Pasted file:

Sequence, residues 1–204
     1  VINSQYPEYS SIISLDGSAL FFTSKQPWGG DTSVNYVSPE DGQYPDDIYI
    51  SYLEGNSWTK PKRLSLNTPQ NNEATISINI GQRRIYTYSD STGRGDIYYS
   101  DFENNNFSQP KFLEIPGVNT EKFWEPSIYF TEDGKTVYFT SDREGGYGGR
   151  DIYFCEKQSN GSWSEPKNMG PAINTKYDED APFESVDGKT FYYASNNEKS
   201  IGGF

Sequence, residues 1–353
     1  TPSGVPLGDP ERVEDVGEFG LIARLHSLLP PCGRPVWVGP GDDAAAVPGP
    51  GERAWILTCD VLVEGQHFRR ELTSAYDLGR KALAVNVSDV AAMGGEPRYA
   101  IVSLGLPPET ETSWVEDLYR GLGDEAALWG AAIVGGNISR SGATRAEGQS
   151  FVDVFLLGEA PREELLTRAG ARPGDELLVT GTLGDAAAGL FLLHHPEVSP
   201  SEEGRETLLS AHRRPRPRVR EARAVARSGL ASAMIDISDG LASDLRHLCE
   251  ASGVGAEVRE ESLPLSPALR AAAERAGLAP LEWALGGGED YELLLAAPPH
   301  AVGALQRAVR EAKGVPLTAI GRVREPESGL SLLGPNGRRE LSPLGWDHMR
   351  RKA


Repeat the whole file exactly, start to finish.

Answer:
Sequence, residues 1–204
     1  VINSQYPEYS SIISLDGSAL FFTSKQPWGG DTSVNYVSPE DGQYPDDIYI
    51  SYLEGNSWTK PKRLSLNTPQ NNEATISINI GQRRIYTYSD STGRGDIYYS
   101  DFENNNFSQP KFLEIPGVNT EKFWEPSIYF TEDGKTVYFT SDREGGYGGR
   151  DIYFCEKQSN GSWSEPKNMG PAINTKYDED APFESVDGKT FYYASNNEKS
   201  IGGF

Sequence, residues 1–353
     1  TPSGVPLGDP ERVEDVGEFG LIARLHSLLP PCGRPVWVGP GDDAAAVPGP
    51  GERAWILTCD VLVEGQHFRR ELTSAYDLGR KALAVNVSDV AAMGGEPRYA
   101  IVSLGLPPET ETSWVEDLYR GLGDEAALWG AAIVGGNISR SGATRAEGQS
   151  FVDVFLLGEA PREELLTRAG ARPGDELLVT GTLGDAAAGL FLLHHPEVSP
   201  SEEGRETLLS AHRRPRPRVR EARAVARSGL ASAMIDISDG LASDLRHLCE
   251  ASGVGAEVRE ESLPLSPALR AAAERAGLAP LEWALGGGED YELLLAAPPH
   301  AVGALQRAVR EAKGVPLTAI GRVREPESGL SLLGPNGRRE LSPLGWDHMR
   351  RKA